China’s Two-Headed Energy Policy

ChinaCoal, cc Flickr GPA Photo Archive, modified,

Until 2017, China was championing the global movement to combat climate change through committed efforts at reducing reliance on coal and highest investments in renewable energy. The US-based Institute for Energy Economics and Financial Analysis (IEEFA) in its January 2018 report identified China as being among the top leaders in outbound clean energy investments in 2017, establishing itself as a world leader in driving a domestic decarbonisation agenda.

Yet China remains one of the leading global supporters of coal plants around the world with commitment or proposals worth about $36 billion in financing for 102 GW of coal-fired capacity in 23 countries, as found in a study published by IEEFA in its January 2019 report. According to the study, this makes China accountable for more than a quarter of all coal fired capacity under development outside of China. Various studies and media reports show that Chinese financial institutes are the world’s largest funders of overseas coal plants. In fact, with more than 100 financial institutions around the world divesting from coal, Chinese state-owned financial agencies have stepped in to fill the gap as lenders of last resort. The IEEFA report further observes that private sources of ‘Belt and Road Initiative’ (BRI) finance from China are more active in renewables whereas China’s State Owned Enterprises (SOEs) remain heavily concentrated in coal, which suggests market signals are increasingly directing investments to climate-friendly sectors but the central government ignores this and concentrates its SOEs on coal investments.

Perhaps the Chinese Government has established overseas coal plant construction and operation projects as a strategic means for advancing its geostrategic interests, as development of coal plants is naturally capital intensive and it involves heavy borrowing by host countries. This borrowing carries risks around exchange rate volatility, currency, deficits, and inflation, all of which can create an unsustainable debt, thus providing an opportunity for China to act as a creditor by extending huge loans to their governments, and ensnaring them in a debt trap, as suggested by many political and economic experts. Another reason behind China’s involvement in overseas coal plant funding is to support its domestic Engineering, Procurement and Construction (EPC) companies and equipment manufacturers which are mostly SOEs, which are facing diminishing demand for power plant equipment and construction services due to the government’s domestic decarbonisation agenda and coal overcapacity problem. These domestic EPC companies and equipment manufacturers are often awarded the bids for constructing overseas plants and supplying parts for them.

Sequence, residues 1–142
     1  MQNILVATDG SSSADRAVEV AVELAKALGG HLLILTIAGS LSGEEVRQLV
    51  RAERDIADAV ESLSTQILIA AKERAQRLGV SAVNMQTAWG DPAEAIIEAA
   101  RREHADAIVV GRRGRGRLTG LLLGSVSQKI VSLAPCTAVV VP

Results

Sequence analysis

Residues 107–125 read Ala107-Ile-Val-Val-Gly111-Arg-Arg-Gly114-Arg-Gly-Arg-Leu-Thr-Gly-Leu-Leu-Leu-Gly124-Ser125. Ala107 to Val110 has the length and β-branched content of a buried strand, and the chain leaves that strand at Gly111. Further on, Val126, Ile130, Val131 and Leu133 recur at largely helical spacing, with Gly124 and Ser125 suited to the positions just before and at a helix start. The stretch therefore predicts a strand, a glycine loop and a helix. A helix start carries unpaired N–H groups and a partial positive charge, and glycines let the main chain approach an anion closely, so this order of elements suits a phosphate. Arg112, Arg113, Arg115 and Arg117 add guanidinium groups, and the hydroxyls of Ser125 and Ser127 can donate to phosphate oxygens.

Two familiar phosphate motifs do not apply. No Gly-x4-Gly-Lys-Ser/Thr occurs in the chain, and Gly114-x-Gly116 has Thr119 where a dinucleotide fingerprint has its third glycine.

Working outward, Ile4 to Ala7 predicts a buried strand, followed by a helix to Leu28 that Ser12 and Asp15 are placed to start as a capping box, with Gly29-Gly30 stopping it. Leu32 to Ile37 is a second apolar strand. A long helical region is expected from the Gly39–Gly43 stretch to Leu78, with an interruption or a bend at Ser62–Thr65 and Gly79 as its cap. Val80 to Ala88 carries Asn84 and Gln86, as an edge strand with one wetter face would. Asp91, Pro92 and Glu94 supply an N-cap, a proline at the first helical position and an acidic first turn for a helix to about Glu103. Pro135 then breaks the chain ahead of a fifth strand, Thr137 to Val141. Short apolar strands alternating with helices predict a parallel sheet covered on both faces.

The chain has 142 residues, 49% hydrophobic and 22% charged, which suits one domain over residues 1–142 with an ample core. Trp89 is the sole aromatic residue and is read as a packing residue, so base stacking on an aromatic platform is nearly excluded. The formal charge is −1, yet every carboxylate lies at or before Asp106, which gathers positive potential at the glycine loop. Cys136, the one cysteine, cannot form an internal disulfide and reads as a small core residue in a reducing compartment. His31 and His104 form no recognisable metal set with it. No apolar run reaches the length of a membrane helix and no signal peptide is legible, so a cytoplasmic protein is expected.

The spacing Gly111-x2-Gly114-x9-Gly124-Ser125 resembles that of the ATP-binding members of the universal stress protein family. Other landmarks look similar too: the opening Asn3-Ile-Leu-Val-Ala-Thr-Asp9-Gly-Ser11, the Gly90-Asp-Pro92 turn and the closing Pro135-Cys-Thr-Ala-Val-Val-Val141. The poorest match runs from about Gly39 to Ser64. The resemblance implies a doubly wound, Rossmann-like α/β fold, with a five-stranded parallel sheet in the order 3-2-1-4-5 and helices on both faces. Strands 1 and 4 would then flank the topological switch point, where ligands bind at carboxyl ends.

Entities mainly involved in financing these overseas coal projects, as identified by many studies and media reports, are China Import Export Bank and China Development Bank, while the corporations prominently involved are State Grid Corporation of China, China Energy Engineering Corporation, State Power Investment Corporation and China Huadian. Another important player involved in making the funding for these projects possible is the state-owned China Export & Credit Insurance Corporation, also known as Sinosure. Danqing Li, a Climate and Energy campaigner at Greenpeace describes Sinosure as a gatekeeper of energy investments along the BRI; it is China’s only policy insurer to cover overseas coal fired power projects. She reports that at the end of 2018, Sinosure had underwritten 28 GW of coal fired capacity worldwide, which exceeds the entire coal capacity of Australia.

Advancing its geostrategic interests, supporting its domestic players or anything else, whatever may the reason, continued Chinese investment in coal-fired capacity overseas is tempering its own initiative to lead the world in transitioning toward clean energy capacity, even despite its global lead in investments in renewable energy. This new coal-fired capacity is only going to add to the existing level of Greenhouse Gas (GHG) emissions which is incongruent with China’s commitments made in the Paris Agreement to keep global warming to 1.5 degree Celsius. A report published by Intergovernmental Panel on Climate Change (IPCC) in October 2018 found that meeting Paris Climate Goals requires a drastic reduction of coal power generation in just 12 years by 2030, and a phase out by 2050. These new coal projects, with a supposed lifespan of about thirty years or more, are flatly incompliant with these requirements. Besides, new coal power projects will add to existing levels of air pollution, which according to World Health Organisation (WHO) estimates accounts for 7 million premature deaths worldwide per year.

It is therefore important that China acts responsibly by not limiting its clean energy investments and decarbonisation policies within the country, but rather integrating them with its BRI and other overseas development projects. This way it can set an example for other countries and truly establish itself as a world leader in the fight against climate change.


The views expressed in this article are those of the author alone and do not necessarily reflect or any institutions with which the author is associated.

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